Many people think that genetic testing for hereditary breast and ovarian cancer is simply to test for BRCA1 and BRCA2 gene mutations. However, since 2013, it has become more commonplace to offer multi-gene tests (also known as gene panels) that include other genes outside of BRCA1 and BRCA2.
Approximately 5-10% of all breast cancer is actually hereditary, but of the hereditary cases, 50% are thought to be linked to BRCA1 and BRCA2. Outside of that, there are many other genes we can do testing for now.
These are the general categories of genes that could be included on a hereditary breast cancer gene panel:
- High-Risk Genes: Associated with 39-87% lifetime risk to develop breast cancer
- Moderate-Risk Genes: Associated with 23-58% lifetime risk to develop breast cancer
- Newly Described Genes: Associated with an increased risk for breast cancer, but may not have well defined risk estimates
High and Moderate-Risk Genes
In regards to the high-risk breast cancer genes, there are clear cut guidelines for screening and prevention available. For the moderate-risk breast cancer genes, there may be some guidelines available, but the guidelines will likely evolve as more information is obtained.
For example, a gene called ATM is associated with a moderate-risk to develop breast cancer, and there are guidelines available to tell us how often to screen a woman’s breasts. ATM is also associated with an increased risk for colorectal cancer, but we do not have enough data that exists on that risk to have a formal guideline tell us how often to screen a patient with colonoscopy yet. Some patients feel comfortable with having moderate-risk genes tested because there are some medical management options available, and there is “something they can do” about their risk.
Newly Described Genes
There are also newly described genes that are being included on breast cancer gene panels, where there is existing data that suggests an association with an increased risk for breast cancer, but not enough data to give a well-defined risk estimate. Because of this, there may not be medical management options available yet, because we are unsure of how much risk is involved.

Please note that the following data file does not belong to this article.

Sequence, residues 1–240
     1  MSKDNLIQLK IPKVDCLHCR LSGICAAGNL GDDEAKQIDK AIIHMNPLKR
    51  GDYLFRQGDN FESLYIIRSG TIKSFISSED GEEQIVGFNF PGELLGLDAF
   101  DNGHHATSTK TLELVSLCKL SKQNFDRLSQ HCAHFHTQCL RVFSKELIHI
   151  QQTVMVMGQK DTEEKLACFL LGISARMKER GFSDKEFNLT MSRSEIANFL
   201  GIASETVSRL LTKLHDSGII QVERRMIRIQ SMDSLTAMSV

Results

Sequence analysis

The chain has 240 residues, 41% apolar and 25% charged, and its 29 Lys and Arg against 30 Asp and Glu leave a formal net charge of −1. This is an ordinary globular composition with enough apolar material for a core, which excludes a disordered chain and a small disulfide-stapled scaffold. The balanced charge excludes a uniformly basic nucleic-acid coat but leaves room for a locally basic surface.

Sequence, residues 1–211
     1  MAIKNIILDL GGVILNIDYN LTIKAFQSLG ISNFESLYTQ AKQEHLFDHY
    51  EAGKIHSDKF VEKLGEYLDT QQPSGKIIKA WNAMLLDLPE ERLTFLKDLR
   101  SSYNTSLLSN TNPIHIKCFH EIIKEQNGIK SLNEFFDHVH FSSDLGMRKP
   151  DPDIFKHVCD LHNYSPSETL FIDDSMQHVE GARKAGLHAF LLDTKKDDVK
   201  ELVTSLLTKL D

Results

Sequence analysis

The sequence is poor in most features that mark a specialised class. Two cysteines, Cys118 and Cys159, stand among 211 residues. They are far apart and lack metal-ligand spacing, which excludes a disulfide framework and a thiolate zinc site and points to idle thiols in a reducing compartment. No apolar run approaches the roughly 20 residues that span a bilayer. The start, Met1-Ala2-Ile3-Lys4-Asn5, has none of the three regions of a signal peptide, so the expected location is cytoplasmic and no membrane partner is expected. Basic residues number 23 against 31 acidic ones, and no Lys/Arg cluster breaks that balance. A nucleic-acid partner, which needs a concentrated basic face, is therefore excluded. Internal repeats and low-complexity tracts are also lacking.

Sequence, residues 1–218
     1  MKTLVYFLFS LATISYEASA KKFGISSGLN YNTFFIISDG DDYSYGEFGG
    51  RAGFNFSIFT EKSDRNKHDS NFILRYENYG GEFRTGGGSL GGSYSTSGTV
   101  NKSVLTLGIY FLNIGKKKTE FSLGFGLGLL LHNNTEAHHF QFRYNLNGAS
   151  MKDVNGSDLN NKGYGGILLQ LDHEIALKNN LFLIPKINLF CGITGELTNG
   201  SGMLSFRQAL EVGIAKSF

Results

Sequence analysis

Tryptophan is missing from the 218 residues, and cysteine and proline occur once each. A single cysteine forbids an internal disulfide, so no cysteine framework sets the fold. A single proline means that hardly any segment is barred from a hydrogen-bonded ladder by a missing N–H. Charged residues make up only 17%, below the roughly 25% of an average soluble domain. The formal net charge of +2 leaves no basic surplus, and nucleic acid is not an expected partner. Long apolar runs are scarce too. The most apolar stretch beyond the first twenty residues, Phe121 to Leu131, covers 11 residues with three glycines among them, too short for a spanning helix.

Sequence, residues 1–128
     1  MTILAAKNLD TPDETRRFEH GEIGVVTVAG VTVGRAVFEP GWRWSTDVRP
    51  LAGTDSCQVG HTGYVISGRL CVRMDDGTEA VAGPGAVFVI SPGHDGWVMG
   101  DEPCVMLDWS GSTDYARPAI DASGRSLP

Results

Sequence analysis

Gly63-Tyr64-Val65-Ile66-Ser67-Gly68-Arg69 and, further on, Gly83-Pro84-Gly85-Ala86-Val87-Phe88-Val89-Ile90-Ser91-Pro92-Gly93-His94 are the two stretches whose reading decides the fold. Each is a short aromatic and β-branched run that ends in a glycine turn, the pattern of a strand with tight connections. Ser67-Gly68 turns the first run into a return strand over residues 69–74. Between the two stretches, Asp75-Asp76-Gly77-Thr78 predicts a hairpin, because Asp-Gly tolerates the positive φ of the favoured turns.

When a person tests positive for a gene mutation in a newly described gene, medical management recommendations are heavily dependent on what is seen in the family history. Some patients feel that having newly described genes tested is still helpful because the field of genetics is rapidly growing, and they may be able to use this genetic information in the near future, whether it be for themselves or for their children/grandchildren. Other patients are not comfortable having their newly described genes tested, because if something is found, it could cause them anxiety if there is a lot of uncertainty about the gene and/or medical management.
How Genetic Counseling May Help
Because of all of the complexities that exist with hereditary cancer genetic testing these days, genetic counseling is essential for patients to understand:
- The full extent of their options regarding genetic testing
- How genetic testing may or may not change their medical management
- How this could affect their family members and their medical management insurance coverage for genetic testing
- How much uncertainty can come from a genetic test.
If you have questions regarding genetic counseling or genetic testing, please call the ProMedica Cancer Institute’s Cancer Genetics Program at 419-824-5073.
Sarah Adelsperger, MS, LCGC, is a board-certified genetic counselor specializing in cancer. Sarah joined Kelly Morse, MS, LCGC, in the Cancer Genetics Program in May 2015 at ProMedica Cancer Institute–the only program in Northwest Ohio and Southeast Michigan with two licensed and board-certified genetics counselors specializing in cancer genetics.